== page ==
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Courtesy of Don Mallick

A Vertol Company representative congratulates Don Mallick, left, following his checkout flight in the VZ-2 experimental tilt-wing VSTOL aircraft at Langley in 1958. Mallick performed a qualititative evaluation flight in the aircraft. I also had a chance to fly a qualitative flight in the Vertol VZ-2, a tilt wing VSTOL research aircraft driven by a small turbine engine and two propellers. The VZ-2 had a lot of cross-coupling between the roll and yaw controls and it was extremely difficult to fly. Generally, a qualitative test flight involves a pilot not assigned to a given aircraft program. He is given the opportunity to fly one or two flights just to take a quick look at the vehicle and glean as much information that he can from the limited flight exposure. He then writes a handling qualities evaluation report based on his experience. It was NASA policy then, as it is today, to allow pilots to fly qualitative evaluation flights whenever a test program can afford the time. It enables non-program test pilots to expand their experience by flying a variety of aircraft and provides additional data to program personnel. After flying the VZ-2, I wasn’t so sure I needed that experience. It took everything I had to keep from “dinging” or crashing the aircraft. During that time, I gained a lot more respect for Jack Reeder and Bob Champine, who were doing a lot of the VSTOL flight testing. I would have to say that the early VSTOL aircraft had extremely poor handling qualities and were very difficult to fly. I recall Jack returning from England after flying one of the early Kestrel VSTOL jet aircraft. “The British,” said Jack, “are ahead of us again.” He was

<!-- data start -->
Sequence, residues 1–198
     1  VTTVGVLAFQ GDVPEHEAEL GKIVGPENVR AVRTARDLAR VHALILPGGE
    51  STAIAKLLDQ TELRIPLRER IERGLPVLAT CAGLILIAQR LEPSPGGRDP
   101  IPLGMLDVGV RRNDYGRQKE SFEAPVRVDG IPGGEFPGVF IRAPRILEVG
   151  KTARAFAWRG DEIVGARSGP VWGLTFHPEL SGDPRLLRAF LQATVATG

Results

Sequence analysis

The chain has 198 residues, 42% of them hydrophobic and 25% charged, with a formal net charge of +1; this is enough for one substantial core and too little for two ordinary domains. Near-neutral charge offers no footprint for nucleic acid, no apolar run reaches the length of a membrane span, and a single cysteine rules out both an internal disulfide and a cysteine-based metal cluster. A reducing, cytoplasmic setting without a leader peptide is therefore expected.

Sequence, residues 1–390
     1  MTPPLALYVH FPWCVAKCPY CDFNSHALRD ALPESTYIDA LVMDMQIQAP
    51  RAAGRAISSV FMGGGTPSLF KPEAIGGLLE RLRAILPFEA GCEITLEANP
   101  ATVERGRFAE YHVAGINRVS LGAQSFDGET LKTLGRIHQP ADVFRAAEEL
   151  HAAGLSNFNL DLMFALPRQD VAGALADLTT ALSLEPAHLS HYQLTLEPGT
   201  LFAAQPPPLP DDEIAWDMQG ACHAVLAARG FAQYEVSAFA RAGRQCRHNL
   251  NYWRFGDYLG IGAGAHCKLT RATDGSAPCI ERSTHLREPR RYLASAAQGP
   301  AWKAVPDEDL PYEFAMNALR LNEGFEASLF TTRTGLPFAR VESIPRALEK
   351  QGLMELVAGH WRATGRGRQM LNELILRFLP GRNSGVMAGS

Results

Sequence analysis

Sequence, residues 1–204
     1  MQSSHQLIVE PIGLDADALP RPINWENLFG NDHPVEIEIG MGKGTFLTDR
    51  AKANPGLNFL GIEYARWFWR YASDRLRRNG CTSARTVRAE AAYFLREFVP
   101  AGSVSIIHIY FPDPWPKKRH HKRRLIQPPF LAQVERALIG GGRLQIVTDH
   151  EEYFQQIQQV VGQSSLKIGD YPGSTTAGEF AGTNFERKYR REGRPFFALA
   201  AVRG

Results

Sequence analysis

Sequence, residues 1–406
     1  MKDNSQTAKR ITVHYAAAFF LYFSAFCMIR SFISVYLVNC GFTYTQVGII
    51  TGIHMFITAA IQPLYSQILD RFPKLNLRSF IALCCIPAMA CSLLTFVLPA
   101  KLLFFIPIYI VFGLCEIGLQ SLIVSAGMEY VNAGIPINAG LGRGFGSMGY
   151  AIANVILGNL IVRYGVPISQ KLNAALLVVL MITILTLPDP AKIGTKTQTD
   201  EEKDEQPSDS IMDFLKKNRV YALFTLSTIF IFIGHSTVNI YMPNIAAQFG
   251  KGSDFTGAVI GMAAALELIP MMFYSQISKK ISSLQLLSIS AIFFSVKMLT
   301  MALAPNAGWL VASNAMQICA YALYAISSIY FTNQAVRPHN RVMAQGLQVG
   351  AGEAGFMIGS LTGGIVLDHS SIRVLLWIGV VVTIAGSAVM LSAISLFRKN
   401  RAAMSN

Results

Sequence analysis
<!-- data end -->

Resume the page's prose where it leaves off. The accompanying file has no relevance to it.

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very impressed with the airplane, all the more so as this was prior to the days of extensive artificial stabilization. The Harrier vectored the thrust of its turbofan engine through four louvered nozzles, two on each side of the fuselage. It was capable of vertical or shortfield flight operations and was ideally suited for use on aircraft carriers. As they said in the Navy about carrier pilots: “there were those who had crashed into the barriers and there were those who were going to crash into them, if you flew long enough.” I suspect that test flying is the same. After flying NASA photo L-83024 long enough and being exposed to a number of different aircraft, an The Sikorsky HO3S Dragonfly had a modiaccident is probable, if not fied flight control system to evaluate perforinevitable. I had my first (and mance envelope limits. Its sensitivity to fortunately only) major aircraft ground resonance caused its career to end accident while flying a helicopter in a catastrophic, but non-fatal, disaster. at Langley. Bob Champine and I were flying an HO3S-1, a relatively old helicopter. The HO3S-1 had a modified flight control system to evaluate flight envelope limits. Bob was flying in the rear seat of the tandem-seat helicopter and I was flying in the front, as safety pilot. Bob had the modified controls in the rear and I had the basic ship’s controls in the front. Bob had just completed an evaluation and I took control of the helicopter and prepared to land on the runway. The HO3S was very sensitive to ground resonance, a very dangerous situation in some of the earlier helicopters. A harmonic vibration could occur during landing or liftoff when the helicopter weight was light on the wheels. The rotor created a force function and the response of the landing gear struts and tires served as a spring. A rapid, destructive vibration could develop in a matter of seconds. Our maintenance crews always kept our tire pressures within a pound of the prescribed pressure in order to counter this tendency. On this occasion, as I touched down, we encountered the dreaded ground resonance. A pilot can respond to the situation with one of two options: push the collective firmly down and force the aircraft onto the ground or apply power and get back into the air. Either of these must be done quickly, and I chose the latter. I had a feeling that structural failure was imminent and snatched the